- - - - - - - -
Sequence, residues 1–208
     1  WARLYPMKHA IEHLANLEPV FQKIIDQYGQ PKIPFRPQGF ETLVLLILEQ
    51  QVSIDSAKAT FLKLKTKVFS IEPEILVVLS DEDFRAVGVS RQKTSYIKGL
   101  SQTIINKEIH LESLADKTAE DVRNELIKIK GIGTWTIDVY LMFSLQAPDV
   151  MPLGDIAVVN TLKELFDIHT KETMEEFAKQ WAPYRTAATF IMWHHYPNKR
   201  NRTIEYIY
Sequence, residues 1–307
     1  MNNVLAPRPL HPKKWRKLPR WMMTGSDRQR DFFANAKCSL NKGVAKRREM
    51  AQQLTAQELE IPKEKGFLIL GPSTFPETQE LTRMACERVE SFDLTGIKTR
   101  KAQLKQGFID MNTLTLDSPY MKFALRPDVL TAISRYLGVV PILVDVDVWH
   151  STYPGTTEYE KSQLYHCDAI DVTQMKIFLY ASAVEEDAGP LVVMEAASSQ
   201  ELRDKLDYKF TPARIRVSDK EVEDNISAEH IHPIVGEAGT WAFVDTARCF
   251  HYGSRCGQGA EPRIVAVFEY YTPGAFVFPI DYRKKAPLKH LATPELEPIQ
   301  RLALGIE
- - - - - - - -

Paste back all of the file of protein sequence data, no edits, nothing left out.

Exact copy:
Sequence, residues 1–208
     1  WARLYPMKHA IEHLANLEPV FQKIIDQYGQ PKIPFRPQGF ETLVLLILEQ
    51  QVSIDSAKAT FLKLKTKVFS IEPEILVVLS DEDFRAVGVS RQKTSYIKGL
   101  SQTIINKEIH LESLADKTAE DVRNELIKIK GIGTWTIDVY LMFSLQAPDV
   151  MPLGDIAVVN TLKELFDIHT KETMEEFAKQ WAPYRTAATF IMWHHYPNKR
   201  NRTIEYIY
Sequence, residues 1–307
     1  MNNVLAPRPL HPKKWRKLPR WMMTGSDRQR DFFANAKCSL NKGVAKRREM
    51  AQQLTAQELE IPKEKGFLIL GPSTFPETQE LTRMACERVE SFDLTGIKTR
   101  KAQLKQGFID MNTLTLDSPY MKFALRPDVL TAISRYLGVV PILVDVDVWH
   151  STYPGTTEYE KSQLYHCDAI DVTQMKIFLY ASAVEEDAGP LVVMEAASSQ
   201  ELRDKLDYKF TPARIRVSDK EVEDNISAEH IHPIVGEAGT WAFVDTARCF
   251  HYGSRCGQGA EPRIVAVFEY YTPGAFVFPI DYRKKAPLKH LATPELEPIQ
   301  RLALGIE